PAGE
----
Issaquah teenagers request a place to ‘hang out’

July 5, 2011

By Laura Geggel

The future is close at hand, and Issaquah’s youth want to have a hand in it.

The Action Forum for Youth brought young voices to the forefront as teenagers met with community leaders to discuss ways to help youth connect and succeed in their community.

One of the first tasks was dispelling negative stereotypes, Issaquah High School junior Allie Lustig said.

“Adults just really don’t get it,” she said. “They think all teens are into prescription drugs, and I’m like, ‘No, no.’”

The Issaquah Community Network held the forum May 5 at the Issaquah Holiday Inn. Network Executive Director Barbara de Michele asked all 44 attendees three questions:

  • What positive and negative issues come to mind when you think of today’s middle and high school students?
  • Of these items, which are the most critical challenges for youths and their families?
  • What action steps can the community take to address these challenges?

The forum’s participants came up with multiple positive and negative issues facing youth. Positive friends, caring adults, available activities and good academic classes help students. On the other hand, isolation, bullying, the pressure to fit in, a sense of entitlement, lack of free time, stress and less face-to-face communication does not help.

Throughout the forum, several issues continued to resurface, de Michele said.

Participants agreed that stress is a driving factor behind risky behavior.

“We talked about how the stress could leave to potential activities, such as drugs or alcohol, as potential outlets,” Skyline High School sophomore Grace Wan said.

Some parents provide alcohol to their children to be “cool parents,” and the community should educate them otherwise, Wan said.

Stress also comes from the pressure to succeed. If the community redefined success as something that was more inclusive, teenagers and adults might feel more welcome, Issaquah High School junior Allie Lustig said.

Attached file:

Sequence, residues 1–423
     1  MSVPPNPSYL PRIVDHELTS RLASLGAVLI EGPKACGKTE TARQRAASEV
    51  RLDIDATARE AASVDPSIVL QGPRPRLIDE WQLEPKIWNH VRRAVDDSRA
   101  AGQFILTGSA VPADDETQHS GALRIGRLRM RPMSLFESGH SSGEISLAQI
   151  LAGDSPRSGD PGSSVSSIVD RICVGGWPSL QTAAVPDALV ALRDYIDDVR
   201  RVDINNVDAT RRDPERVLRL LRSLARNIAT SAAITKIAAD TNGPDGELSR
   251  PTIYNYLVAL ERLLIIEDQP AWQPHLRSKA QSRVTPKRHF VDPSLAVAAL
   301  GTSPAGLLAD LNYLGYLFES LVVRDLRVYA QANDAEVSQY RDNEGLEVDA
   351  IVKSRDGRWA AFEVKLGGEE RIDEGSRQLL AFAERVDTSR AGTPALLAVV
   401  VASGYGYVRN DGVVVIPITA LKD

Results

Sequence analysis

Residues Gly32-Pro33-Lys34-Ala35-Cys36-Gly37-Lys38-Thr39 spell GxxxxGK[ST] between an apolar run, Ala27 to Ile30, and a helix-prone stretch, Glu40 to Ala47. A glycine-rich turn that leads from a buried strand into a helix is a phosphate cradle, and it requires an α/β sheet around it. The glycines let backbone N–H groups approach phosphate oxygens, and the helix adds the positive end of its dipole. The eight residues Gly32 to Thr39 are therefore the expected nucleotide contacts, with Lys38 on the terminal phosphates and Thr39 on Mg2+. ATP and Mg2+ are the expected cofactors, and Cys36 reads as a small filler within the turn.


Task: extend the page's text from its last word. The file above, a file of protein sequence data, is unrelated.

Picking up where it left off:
“I definitely think there’s an idea where you have to do this and this and this to be successful,” Lustig said. “You can get wrapped up in, ‘Oh, I have to get into the University of Washington and I have to do well on the SAT and all this stuff,’ when success is actually something that matters to you. Going to a four-year college isn’t for everyone.”

Community members also agreed that technology helps and hurts students — while it improves education, and increases awareness and communication, it also reduces in-person contact, districts students from homework, and plays into bullying and harassment.

Students leading students and finding good adult role models could help, de Michele said.

After forum leaders shared the positive and negative issues associated with youths, they picked the most urgent topics and thought of ways to address them. The top four solutions focused on community engagement, including:

  • Establishing a place for teens and youths to gather for entertainment, social networking and music;
  • Developing school models that are more true to real-world expectations and consequences;
  • Showing the “Race to Nowhere” documentary throughout our community; and
  • Enabling students to create short educational videos about issues important to teens that could be shared with parents, law enforcement and the community.

Both the network and the Issaquah Youth Advisory Board plan to use the ideas to form their agenda for next year. The network will use the data for the federal Drug Free Communities grant application that would give Issaquah $125,000 per year for 10 years in an effort to reduce teenage risky behavior.

“We felt it was very good and very successful and had a good conversation with the people who attended,” de Michele said.

Creating a teenage hangout place was at the top of her list, Lustig said, adding that many of her classmates drive all the way to Alki Beach in West Seattle for a gathering place. In middle school, she remembered hanging out near the Regal Issaquah 9 Theatre and Red Robin Gourmet Burgers, even though loitering was discouraged.

“There’s really nowhere for us to go and just hang out,” she said. “We need a place where we can just, like, chill.”

Students also asked for more interaction with community members. For example, they would like to learn more about life experiences, work ethic, job interview skills and skill development, de Michele said.

“It seems that leaders are interested in seeing what we want to do,” Issaquah High sophomore Iman Baghai said. “It will be great to proceed with something tangible out of this.”

Laura Geggel: 392-6434, ext. 241, or Comment at

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